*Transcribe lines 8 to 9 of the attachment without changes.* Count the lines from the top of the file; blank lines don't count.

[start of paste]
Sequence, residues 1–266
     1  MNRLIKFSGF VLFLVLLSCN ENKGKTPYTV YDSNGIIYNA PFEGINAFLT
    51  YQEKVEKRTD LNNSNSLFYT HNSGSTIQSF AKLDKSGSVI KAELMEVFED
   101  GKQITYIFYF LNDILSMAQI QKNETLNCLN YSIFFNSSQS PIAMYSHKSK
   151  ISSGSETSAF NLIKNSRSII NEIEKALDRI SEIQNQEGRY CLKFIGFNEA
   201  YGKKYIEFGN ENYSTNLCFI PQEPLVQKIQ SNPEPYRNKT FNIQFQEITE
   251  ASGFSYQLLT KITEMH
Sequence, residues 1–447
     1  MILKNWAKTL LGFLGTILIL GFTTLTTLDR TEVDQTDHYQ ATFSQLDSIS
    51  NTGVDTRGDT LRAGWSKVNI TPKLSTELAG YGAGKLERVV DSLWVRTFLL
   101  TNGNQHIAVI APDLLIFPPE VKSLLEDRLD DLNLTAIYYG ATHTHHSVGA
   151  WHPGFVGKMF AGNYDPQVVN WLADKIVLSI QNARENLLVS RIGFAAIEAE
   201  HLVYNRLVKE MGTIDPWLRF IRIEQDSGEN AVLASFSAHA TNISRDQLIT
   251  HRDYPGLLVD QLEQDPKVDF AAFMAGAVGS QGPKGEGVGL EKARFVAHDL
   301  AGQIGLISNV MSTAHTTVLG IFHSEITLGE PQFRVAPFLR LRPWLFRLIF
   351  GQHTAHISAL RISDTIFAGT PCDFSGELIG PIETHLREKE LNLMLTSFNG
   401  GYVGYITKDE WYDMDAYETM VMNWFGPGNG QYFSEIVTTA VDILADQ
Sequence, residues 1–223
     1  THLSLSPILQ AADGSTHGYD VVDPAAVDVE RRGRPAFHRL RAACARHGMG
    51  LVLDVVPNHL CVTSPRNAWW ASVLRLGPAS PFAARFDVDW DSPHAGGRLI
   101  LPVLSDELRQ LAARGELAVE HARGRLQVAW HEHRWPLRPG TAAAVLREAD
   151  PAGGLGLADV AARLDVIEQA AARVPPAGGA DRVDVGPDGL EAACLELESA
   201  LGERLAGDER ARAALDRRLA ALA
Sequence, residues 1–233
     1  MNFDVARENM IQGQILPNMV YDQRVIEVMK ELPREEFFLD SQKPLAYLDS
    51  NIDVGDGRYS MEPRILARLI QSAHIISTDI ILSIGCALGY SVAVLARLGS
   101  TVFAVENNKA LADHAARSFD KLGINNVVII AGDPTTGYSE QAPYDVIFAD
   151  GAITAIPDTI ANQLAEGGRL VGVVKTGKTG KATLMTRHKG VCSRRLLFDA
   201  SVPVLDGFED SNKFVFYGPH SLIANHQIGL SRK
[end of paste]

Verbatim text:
Sequence, residues 1–447
     1  MILKNWAKTL LGFLGTILIL GFTTLTTLDR TEVDQTDHYQ ATFSQLDSIS